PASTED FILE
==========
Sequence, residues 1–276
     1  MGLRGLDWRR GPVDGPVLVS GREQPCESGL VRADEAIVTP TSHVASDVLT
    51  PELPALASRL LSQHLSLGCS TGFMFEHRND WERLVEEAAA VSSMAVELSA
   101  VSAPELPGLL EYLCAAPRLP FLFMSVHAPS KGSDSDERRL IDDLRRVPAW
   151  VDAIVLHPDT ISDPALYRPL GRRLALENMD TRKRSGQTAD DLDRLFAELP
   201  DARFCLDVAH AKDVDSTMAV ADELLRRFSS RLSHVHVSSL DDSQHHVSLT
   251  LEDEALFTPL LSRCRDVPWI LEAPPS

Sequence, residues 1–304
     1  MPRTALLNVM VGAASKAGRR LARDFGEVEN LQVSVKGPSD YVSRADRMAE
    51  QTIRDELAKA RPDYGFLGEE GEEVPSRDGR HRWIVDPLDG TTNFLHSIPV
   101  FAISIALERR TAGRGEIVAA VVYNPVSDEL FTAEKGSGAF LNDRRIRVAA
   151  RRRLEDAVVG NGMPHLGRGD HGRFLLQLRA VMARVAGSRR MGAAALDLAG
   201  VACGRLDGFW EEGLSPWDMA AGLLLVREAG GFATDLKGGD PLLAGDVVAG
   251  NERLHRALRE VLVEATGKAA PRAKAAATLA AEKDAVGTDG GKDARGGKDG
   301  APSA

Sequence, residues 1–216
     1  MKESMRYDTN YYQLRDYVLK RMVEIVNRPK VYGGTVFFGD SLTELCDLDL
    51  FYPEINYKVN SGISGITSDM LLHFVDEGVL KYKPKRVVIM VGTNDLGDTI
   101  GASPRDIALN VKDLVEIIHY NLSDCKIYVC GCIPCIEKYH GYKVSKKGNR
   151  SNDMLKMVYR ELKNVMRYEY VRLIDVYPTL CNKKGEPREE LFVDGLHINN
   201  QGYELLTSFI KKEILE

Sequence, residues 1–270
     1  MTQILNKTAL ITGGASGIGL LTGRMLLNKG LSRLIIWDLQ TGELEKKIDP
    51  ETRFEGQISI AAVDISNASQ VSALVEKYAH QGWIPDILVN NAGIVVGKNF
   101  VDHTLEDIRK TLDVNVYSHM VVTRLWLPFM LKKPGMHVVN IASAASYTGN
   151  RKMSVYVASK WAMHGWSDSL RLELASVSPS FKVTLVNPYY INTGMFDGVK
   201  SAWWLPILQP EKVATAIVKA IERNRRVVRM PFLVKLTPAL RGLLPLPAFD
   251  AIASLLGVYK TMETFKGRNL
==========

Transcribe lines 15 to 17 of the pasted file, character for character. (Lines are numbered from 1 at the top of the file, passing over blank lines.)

   301  APSA

Sequence, residues 1–216
     1  MKESMRYDTN YYQLRDYVLK RMVEIVNRPK VYGGTVFFGD SLTELCDLDL